There are many tree species in the study sites. The most common tree species found in the landscape include Acacia seyal and Acacia senegal. These are trees used as firewood, Gum Arabic production, boundary markers and are commonly mixed with crops. Biomass is the major source of energy, where about 95% of the households use firewood, over 85% use charcoal and about 3% use gas as sources of energy. It is also estimated that the average annual household consumption is about 19 M2 of wood for provision of energy and building material [27] . Because of the limited amount of available dead wood, it is reasonable to assume that this high demand is satisfied by large commercial operations mainly in south Blue Nile State, but also in the southern parts of Gedarif State. This constitutes a serious threat to biological diversity and a challenge for sustainable environmental management [27] .

2.3. Data Collection and Analysis

Data collection was based on both primary and secondary sources. Primary data were assembled through a house hold survey, focus groups discussion, key informant interviews using check list and expert consultation. First, a structured household survey questionnaire was used to collect quantitative data. The collected data were related to the farm and household including family size, source of income, source of energy, plot size and ownership, tree species and density, crops types, main farm inputs and outputs used and the impact of AFS on the household’s lifestyle such as direct and direct use values. Second, direct discussions were conducted with farmers who are practicing agroforestry for the qualitative data such as challenges and constraints to AF systems, and policies and regulations needed to support AF enterprises. Third, participant observation was carried out to understand the characteristics of the study sites being researched.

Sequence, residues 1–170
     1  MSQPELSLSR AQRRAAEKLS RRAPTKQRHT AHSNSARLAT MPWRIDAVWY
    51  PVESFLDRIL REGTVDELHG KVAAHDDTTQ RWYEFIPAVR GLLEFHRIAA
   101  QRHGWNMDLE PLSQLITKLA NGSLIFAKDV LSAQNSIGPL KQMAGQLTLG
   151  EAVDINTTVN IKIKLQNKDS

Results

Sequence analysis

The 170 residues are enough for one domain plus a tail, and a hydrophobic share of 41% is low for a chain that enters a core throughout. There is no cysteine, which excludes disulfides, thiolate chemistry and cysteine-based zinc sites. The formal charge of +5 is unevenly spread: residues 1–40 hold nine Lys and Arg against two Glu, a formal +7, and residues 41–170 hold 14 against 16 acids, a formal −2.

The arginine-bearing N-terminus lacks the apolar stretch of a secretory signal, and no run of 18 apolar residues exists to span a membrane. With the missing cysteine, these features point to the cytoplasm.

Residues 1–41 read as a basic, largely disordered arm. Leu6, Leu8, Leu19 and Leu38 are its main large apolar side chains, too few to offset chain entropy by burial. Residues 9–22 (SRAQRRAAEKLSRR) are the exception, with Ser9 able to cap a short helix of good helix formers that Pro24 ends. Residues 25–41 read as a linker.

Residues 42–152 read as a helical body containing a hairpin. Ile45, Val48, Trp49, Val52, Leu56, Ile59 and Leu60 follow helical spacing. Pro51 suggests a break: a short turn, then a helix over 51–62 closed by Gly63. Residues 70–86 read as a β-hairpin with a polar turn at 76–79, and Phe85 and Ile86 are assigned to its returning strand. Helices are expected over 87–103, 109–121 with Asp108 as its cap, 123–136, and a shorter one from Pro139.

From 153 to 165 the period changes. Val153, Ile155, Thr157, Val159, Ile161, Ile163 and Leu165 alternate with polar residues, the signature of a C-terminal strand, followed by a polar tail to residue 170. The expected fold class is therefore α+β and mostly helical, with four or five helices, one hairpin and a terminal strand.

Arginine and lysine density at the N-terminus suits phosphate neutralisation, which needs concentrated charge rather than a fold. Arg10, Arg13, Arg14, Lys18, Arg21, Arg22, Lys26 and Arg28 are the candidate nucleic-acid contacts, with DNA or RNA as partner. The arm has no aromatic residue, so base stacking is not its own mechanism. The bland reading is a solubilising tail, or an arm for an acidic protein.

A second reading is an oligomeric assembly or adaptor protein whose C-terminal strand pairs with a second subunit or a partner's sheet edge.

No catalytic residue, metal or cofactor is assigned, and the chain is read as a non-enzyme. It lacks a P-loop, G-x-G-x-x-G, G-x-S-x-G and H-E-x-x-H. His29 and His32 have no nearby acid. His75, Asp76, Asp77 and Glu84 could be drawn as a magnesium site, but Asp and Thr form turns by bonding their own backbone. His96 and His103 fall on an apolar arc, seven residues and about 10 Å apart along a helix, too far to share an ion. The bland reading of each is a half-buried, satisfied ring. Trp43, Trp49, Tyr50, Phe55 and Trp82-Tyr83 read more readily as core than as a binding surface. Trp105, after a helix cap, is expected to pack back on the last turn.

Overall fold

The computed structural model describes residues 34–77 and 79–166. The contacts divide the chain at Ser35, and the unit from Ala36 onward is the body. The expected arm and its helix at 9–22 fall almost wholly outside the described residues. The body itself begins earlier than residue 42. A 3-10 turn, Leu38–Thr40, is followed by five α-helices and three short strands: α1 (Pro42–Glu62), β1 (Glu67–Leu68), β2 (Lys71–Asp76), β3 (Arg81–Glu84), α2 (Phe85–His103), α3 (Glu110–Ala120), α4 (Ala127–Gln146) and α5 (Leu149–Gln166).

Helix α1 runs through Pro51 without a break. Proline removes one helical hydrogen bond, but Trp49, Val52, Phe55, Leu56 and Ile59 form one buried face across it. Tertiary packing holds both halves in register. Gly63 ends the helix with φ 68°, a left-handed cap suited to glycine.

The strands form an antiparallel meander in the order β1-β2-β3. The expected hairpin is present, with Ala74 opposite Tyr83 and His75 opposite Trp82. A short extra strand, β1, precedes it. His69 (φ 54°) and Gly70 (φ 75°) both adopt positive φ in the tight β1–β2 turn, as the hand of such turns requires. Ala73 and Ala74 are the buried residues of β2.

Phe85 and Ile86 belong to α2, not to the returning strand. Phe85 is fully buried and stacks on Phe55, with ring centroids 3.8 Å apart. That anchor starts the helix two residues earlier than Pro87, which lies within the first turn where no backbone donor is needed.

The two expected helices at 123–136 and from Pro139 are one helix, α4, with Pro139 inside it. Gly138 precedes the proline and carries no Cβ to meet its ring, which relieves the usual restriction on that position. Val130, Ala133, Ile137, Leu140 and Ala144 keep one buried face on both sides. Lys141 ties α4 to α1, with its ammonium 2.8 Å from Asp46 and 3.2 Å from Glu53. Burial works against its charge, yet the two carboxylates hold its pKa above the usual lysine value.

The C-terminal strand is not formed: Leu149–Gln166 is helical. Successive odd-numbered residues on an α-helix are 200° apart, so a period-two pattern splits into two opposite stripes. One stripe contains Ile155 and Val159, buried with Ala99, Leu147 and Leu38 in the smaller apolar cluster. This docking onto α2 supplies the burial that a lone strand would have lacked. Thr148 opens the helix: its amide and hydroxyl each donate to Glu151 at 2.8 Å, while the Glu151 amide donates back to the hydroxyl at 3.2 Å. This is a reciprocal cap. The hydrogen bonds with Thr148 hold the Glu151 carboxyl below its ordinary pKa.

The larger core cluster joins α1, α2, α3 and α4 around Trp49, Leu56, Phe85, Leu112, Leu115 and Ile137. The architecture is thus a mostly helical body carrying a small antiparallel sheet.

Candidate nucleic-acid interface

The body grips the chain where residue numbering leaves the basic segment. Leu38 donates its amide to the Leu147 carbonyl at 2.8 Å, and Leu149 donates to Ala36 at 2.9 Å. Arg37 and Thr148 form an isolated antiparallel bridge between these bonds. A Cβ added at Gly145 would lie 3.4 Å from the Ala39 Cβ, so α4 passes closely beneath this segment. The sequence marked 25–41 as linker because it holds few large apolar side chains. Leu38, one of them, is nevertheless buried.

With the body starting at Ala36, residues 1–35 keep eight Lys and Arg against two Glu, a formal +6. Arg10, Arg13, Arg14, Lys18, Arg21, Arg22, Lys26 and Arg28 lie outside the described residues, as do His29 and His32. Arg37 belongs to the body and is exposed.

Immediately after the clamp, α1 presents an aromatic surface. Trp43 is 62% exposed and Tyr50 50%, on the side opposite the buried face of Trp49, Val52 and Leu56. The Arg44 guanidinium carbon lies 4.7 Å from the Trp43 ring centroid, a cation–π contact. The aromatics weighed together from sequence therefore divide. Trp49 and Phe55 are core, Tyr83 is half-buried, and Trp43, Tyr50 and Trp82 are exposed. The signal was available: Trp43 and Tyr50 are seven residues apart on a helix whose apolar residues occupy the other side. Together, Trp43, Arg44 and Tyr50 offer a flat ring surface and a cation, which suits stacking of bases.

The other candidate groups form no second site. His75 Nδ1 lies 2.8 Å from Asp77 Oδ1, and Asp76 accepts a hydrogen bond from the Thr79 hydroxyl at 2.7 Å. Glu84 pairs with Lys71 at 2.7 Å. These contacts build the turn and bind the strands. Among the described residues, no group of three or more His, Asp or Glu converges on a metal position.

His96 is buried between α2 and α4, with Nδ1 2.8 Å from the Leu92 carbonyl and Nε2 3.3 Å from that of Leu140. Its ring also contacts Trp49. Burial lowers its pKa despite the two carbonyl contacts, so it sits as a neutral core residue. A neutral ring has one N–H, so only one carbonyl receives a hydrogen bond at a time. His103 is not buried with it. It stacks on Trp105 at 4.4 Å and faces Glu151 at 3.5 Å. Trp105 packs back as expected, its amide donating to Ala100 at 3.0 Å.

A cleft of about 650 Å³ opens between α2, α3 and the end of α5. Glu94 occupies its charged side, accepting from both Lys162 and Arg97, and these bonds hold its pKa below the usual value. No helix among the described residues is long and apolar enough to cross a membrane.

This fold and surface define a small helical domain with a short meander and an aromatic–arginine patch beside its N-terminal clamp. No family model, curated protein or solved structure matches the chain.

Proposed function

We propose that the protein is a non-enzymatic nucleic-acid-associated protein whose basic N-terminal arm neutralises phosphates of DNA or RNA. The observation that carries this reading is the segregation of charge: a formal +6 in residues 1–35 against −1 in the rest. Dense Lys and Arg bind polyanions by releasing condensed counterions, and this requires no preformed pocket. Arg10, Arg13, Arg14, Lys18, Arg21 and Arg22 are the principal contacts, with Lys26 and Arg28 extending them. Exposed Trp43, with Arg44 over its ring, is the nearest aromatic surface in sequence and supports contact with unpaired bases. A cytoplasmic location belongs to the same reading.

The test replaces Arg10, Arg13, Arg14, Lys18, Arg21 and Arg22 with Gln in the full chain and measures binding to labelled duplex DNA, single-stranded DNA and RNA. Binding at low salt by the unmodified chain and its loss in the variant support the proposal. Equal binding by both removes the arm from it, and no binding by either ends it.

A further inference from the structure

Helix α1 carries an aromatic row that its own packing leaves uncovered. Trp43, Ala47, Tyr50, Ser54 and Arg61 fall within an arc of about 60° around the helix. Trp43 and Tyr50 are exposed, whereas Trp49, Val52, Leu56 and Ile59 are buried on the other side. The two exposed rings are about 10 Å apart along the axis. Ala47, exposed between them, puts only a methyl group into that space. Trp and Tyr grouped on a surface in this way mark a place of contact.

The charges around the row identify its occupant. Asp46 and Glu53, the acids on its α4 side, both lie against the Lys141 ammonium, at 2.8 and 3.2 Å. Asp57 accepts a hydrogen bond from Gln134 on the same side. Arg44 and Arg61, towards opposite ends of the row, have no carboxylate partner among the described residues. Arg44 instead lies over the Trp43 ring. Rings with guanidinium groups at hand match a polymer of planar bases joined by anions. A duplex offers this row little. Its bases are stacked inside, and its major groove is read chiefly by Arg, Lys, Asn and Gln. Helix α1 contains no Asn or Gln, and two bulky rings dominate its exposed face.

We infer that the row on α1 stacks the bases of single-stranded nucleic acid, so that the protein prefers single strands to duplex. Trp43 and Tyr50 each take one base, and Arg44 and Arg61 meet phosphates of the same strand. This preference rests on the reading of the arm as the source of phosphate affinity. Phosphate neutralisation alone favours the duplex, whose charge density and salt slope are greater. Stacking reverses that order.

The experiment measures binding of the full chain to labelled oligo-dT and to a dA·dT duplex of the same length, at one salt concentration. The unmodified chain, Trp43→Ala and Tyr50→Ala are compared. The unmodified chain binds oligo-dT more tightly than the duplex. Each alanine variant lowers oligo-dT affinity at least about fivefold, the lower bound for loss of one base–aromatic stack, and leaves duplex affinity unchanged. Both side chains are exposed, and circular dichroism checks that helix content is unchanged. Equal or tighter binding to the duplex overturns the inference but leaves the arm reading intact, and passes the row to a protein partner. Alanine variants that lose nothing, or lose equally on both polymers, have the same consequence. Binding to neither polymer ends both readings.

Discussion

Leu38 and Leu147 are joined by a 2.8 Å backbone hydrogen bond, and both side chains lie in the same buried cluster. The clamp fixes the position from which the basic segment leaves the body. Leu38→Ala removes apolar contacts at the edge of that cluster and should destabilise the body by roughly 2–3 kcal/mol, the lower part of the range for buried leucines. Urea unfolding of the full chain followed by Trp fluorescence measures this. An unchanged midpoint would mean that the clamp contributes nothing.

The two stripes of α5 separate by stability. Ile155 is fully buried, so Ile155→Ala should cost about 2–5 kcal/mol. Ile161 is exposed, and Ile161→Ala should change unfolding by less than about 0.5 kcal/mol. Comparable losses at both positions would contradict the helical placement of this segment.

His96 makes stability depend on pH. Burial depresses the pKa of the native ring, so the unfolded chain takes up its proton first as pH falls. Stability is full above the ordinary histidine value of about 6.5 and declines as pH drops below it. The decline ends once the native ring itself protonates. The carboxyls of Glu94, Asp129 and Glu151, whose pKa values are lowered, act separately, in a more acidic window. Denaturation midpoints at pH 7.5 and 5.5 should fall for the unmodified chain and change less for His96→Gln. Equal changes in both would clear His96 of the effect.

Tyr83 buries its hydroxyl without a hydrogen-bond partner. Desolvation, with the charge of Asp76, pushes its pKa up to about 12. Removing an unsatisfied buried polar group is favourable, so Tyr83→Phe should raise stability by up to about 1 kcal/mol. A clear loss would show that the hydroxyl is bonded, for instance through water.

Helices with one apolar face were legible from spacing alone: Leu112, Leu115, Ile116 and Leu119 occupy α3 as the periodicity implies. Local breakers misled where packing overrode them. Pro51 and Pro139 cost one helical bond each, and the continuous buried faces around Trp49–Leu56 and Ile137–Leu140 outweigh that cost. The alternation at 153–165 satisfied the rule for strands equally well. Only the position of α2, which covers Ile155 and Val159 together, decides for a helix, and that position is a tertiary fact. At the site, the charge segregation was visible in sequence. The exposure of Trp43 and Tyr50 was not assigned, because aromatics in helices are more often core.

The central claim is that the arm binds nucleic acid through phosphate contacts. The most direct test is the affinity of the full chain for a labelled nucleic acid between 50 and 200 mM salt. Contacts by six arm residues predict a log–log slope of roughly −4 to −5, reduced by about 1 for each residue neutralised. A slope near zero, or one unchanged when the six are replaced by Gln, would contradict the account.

For the household survey a multi-stage random sampling was used in the data collection. The first stage was a purposive sampling of the three prototypes of AFS predominating in the study sites, namely, taungya; rain fed agroforestry and irrigated agroforestry. The second stage was random sampling of farmers involved for administering the questionnaire and group discussion. A list of farmers participating in the three AFS was obtained from the project headquarter office at El Fau, Gedarif State. As stated by the Project Manager, the number of participating farmers in the four sites during the period 2010-2012 was 188 farmers; 60 farmers in each of Mefaza, Hawata and Kilo 26 and about 8 farmers in Shagarab site. Based on that, four separate lists contained the names of the farmers involved in the three AFS were prepared with the help of the Project Manager for household interview. About 25 farmers were selected at random from each site: Mefaza, Hawata and Kilo 26, while in Shagarab sites all participating farmers (8 farmers) were selected, making a total of 83 farmers. The information provided by individual farmers was verified through focus group discussions and interviews with key informants, forestry officials and experts consultation.